“A Day in the Life” featuring The Flaming Lips, Miley Cyrus & New Fumes
Wayne and Miley duet on this, with again, Wayne taking the vocals seriously.  Wayne does the “John” verses.  The switch to Miley’s take on the “Paul” verses is a pretty big shock the way it sounds so stark and electronic.  There’s a few too many echoes on her part, but again, Miley does pretty well with a detached reading.  And because they are difficult, the end just gets cut off before the final famous crescendo.

So is this a great record that people will listen to a lot? Nope.  Is it an interesting twist on a famous record?  Sure.  Is it enjoyable?  For the most part.  As long a you don’t think of it is a definitive re-make, and accept it as a way to raise money for a charity.

[READ: January 28, 2015] “Wagner in the Desert”

This story reminded me in spirit of both Less than Zero and Generation X, but perhaps for Generation Y.

It’s about a bunch of friends getting ready to ring in the New Year in Palm Springs with a lot of drugs.

The narrator and friends were vacationing some friends from whom he had drifted.  Marta and Eli were trying to have a baby and were looking to do one more sort of wild night before it all became to real: “The Baby Bucket List they were calling it.”  So they all headed to Palm Springs, a group of “modern hustlers: filmmakers, ad writers (screen, Web, magazine), who periodically worked as narrative consultants on ad campaigns, sustainability experts, P.R. lifers, designers, or design consultants, social entrepreneurs and that strange species of human beings who has invented an app.”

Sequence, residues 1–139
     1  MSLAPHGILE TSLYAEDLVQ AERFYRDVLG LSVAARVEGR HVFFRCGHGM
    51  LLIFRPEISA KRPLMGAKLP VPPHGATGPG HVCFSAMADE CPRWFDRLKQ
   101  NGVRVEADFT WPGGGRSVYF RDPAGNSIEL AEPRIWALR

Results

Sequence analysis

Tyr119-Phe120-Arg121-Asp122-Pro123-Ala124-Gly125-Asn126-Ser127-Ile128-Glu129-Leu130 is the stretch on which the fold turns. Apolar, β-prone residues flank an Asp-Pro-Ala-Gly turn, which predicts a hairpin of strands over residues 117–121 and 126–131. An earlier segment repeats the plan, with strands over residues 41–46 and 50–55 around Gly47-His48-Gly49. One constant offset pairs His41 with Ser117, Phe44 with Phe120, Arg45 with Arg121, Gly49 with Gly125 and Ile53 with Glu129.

Unlike the coke heads of the 80s, though: “We thought we were not bad people.  Not the best, a bit spoiled, maybe, but pleasant, inconstant, decent.”

The group were all paired off except for the narrator and Lily, who was pretty and neurotic, an executive in training.  And he soon filled the role of her gofer because “she needed a lot of things.” He had hoped to have sex with her–his only goal for the vacation.  But as of day three, they had only made out a bit. (more…)

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The Rheostatics are from Etobicoke Canada.  Their second album was called Melville (named after a town in Saskatchewan, but it has a whale on the cover so…).  Their third album (this one) is called Whale Music (inspired by the novel by Paul Quarrington).  When they made a film of Whale Music, the Rheostatics were asked to make the soundtrack for it, which they released as Whale Music.  So, the band have 2 albums called Whale Music and one called Melville.  Perfect soundtrack to Moby-Dick.

The album is chock full of all kinds of music: country tracks, folky tracks, metal tracks, and hooks galore.  And it’s all wrapped up in the oddity that is the Rheostatics.  This album features guest spots by the Barenaked Ladies and Neil Peart as well as horns, strings, spoken word parts, and “power tools”.

“Self Serve Gas Station” is a great opening.  It begins with swirling guitars and a beautiful solo (Rheostatics guitar lines sound so elemental as to seem like they’ve always been around).  But just as the vocals begin, the song becomes a sort of country track: a folkie song about adolescnece.  But it returns to a good rocking (and falsetto fueled) rock track.